The Bay Area is a hub of artistic expression, attracting artists, writers and musicians from around the globe to live, work and create. We highlight some of the offerings here
It takes more than a worldwide pandemic to sideline “The Nutcracker,” goshdarnit. The holiday dance staple won’t be in theaters this year, but you can enjoy it from your home. San Francisco Ballet is offering a high-definition streaming version of its famed adaptation of the classic ballet, recorded in 2007. Offered Friday-Dec. 31 for $49, the production includes such extras a virtual tour through a holiday-decorated War Memorial, plus family activities, backstage scenes, even gift shopping. Go to www.sfballet.org. Meanwhile, San Jose Dance Theatre is streaming three different takes on “The Nutcracker” Friday through Dec. 25 ($25 each, www.sjdt.org).
Drunk on love
A young ice cream vendor in the Napa Valley in 1915, desperate to win the affections of a local beauty, buys a phony love potion from a traveling quack in San Francisco Opera’s 2008 resetting of Gaetano Donizetti’s frothy comedy, “The Elixir of Love,” streaming for free this weekend as part of the company’s Opera Is ON series. Mexican tenor Ramón Vargas stars as the sweet, but somewhat befuddled Nemorino (he swallows the potion – twice – but it’s really just cheap wine), and soprano Inva Mula is the one he so passionately desires. The opera is full of gorgeous music, one of the standout arias being Nemorino’s anguished “Una furtiva lagrima.” Register at sfopera.com to see it for free, beginning at 10 a.m. Saturday, and it will remain available until midnight the following day. Here’s a taste of it:
A virtual hug from Yo-Yo
World-renowned cellist Yo-Yo Ma has been releasing some “Songs of Comfort and Hope” recorded from his home ever since the COVID-19 crisis began. (https://youtu.be/UpTem6mWv3Y)
Now, he and longtime collaborator pianist Kathryn Stott will be featured in a prerecorded concert inspired by that effort at 7 p.m. Nov. 27 as a part of the ongoing Cal Performances at Home series. Their full-length concert, filmed in mid-November in Taiwan, will feature a wide range of music from the cello-piano repertoire, including such traditional favorites as “Shenandoah” and “Londonderry Air” and Robert Schumann’s “Five Pieces in Folk Style” and an arrangement of Manuel de Falla’s “Seven Spanish Songs.” Those who register at calperformances.org/at-home for tickets, $15-$60, will receive a link that allows them to access the program for two full weeks.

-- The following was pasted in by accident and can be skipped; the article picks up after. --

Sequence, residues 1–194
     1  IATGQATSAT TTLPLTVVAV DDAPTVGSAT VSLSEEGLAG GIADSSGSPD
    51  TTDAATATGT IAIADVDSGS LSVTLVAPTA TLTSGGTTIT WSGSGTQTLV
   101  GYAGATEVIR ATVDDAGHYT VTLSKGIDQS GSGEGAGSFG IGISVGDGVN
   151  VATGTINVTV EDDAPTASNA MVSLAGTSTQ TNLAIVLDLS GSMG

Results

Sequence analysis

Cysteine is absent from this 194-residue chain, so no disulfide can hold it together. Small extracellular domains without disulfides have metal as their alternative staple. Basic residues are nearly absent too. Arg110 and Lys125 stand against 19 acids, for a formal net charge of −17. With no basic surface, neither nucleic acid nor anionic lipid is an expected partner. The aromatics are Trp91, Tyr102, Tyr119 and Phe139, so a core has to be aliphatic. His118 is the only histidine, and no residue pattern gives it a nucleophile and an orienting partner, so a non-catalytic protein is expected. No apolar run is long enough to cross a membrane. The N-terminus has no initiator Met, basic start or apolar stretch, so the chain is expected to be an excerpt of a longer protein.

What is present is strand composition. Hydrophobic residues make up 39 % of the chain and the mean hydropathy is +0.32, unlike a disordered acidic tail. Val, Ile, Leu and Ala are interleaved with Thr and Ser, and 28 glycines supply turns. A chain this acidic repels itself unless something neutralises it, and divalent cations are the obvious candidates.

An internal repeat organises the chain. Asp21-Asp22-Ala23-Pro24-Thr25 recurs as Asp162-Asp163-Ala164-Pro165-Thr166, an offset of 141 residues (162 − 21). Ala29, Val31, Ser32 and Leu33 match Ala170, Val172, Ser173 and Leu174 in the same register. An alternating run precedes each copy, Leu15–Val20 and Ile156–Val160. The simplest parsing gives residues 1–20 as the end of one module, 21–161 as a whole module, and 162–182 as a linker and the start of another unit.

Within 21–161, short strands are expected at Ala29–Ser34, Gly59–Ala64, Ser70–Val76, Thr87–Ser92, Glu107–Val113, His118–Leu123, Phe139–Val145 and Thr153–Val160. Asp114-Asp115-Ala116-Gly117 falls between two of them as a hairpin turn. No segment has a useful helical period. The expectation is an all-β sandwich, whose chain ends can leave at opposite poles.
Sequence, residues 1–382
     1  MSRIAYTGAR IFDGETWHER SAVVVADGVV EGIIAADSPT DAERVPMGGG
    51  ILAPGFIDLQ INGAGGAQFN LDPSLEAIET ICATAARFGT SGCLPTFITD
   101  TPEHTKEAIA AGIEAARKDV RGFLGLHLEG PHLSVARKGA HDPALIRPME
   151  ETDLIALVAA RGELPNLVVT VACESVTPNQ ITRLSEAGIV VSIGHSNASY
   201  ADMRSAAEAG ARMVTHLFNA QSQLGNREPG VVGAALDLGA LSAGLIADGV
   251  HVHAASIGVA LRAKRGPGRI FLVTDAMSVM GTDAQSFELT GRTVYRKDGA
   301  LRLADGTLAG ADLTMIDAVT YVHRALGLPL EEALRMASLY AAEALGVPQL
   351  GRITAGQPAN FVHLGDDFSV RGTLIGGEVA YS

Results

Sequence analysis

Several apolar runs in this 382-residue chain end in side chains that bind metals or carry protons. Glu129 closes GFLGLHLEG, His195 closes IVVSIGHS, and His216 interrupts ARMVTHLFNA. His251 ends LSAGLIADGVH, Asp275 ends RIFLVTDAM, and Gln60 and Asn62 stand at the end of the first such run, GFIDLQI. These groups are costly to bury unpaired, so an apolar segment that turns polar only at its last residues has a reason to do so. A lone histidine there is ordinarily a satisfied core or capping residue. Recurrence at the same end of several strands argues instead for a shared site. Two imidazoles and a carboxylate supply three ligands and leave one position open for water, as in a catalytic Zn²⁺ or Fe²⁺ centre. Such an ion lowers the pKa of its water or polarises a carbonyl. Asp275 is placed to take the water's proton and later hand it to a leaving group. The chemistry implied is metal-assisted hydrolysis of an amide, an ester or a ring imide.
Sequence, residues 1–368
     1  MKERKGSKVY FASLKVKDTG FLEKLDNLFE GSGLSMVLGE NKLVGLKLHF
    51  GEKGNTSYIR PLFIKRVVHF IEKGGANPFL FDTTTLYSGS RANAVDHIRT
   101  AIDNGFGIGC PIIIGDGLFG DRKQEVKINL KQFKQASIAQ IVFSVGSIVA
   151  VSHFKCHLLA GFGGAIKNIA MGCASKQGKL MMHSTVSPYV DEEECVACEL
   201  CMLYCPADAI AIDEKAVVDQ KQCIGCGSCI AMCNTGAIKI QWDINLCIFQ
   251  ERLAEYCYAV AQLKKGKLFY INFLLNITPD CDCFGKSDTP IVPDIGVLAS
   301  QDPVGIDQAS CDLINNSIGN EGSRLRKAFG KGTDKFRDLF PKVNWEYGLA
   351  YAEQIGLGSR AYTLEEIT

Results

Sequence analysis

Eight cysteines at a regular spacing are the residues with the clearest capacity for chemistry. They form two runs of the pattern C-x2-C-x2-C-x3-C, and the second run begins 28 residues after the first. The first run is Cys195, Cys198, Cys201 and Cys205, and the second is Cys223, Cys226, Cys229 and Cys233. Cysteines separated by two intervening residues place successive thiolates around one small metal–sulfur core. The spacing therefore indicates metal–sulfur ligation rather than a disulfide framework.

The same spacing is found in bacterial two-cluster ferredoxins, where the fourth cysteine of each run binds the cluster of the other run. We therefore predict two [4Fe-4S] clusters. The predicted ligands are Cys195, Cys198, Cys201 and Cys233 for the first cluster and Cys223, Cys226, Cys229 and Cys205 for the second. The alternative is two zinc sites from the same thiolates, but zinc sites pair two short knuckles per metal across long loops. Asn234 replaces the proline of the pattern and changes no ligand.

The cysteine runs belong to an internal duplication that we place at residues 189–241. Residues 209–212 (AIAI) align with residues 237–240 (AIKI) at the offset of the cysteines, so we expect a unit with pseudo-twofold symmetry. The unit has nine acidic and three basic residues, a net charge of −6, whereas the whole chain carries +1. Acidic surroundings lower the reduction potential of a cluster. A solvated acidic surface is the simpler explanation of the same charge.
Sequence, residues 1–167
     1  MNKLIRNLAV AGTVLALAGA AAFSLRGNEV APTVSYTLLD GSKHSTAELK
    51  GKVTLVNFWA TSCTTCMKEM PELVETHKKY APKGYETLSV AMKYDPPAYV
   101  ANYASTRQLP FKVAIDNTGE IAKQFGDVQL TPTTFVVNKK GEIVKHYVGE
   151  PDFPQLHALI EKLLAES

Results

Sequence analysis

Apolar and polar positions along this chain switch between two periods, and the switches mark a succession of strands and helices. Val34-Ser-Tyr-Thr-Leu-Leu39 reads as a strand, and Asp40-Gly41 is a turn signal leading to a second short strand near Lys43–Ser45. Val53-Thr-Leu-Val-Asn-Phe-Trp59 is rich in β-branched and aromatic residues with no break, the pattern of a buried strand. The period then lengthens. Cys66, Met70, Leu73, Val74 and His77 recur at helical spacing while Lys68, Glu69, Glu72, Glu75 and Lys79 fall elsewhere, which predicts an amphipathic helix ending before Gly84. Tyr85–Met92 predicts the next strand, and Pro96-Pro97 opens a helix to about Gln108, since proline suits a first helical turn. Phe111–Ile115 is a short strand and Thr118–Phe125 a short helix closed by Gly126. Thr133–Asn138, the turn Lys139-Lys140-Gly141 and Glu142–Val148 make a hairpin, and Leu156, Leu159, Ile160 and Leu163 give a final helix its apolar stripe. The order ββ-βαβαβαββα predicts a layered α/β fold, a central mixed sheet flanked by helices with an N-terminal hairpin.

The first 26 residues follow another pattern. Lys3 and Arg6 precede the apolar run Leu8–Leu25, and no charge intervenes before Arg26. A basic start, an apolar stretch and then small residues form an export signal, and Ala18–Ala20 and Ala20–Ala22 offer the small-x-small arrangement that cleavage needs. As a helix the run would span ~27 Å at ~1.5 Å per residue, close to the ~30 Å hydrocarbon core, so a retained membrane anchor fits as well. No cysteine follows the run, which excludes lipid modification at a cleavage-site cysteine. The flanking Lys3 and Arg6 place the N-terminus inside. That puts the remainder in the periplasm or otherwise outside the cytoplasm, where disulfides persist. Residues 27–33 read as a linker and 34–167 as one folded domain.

Some people just can’t get enough of “It’s a Wonderful Life,” the tear-jerking (some would say hideously manipulative) Frank Capra movie that explores the nature of redemption and looks back fondly on an age when a measly $8,000 could trigger a banking scandal. Contra Costa Civic Theatre’s annual radio-play adaptation of the film is still on this year, presented as a Zoom streaming show. The El Cerrito stage company is making it available for $20-$50 Friday through Dec. 20 at ccct.org. But wait, there’s more. Tabard Theatre in San Jose is also streaming a radio-play version of “Wonderful Life” Dec. 4-20 at www.tabard theatre.org; tickets are $15-$50.
It takes a Little Village
The Bay Area-based Little Village Foundation is on a mission to spotlight musicians who possess more talent than fame. It’s a laudable goal that seems more important now than ever. The foundation’s record label on Nov. 19 released “20×20,” a collection of — you guessed it — songs by 20 talented performers in gospel, blues, R&B, and other American roots music genres. On Sunday, Little Village and Berkeley’s Freight & Salvage music club are combining to stream a record-release concert featuring many of the “20X20” artists. Performers include Aireene Espiritu, a ukulele-packing singer-songwriter known to embrace everything from Latin to gospel to bluegrass; singer Alabama Mike, who delivers a revved-up version of classic blues; and Kofy Brown, a singer and musician known for her incendiary blend of soul, funk and hip-hop; and many more. The show starts at 4 p.m., and access is free, though donations are encouraged. Go to www.thefreight.org.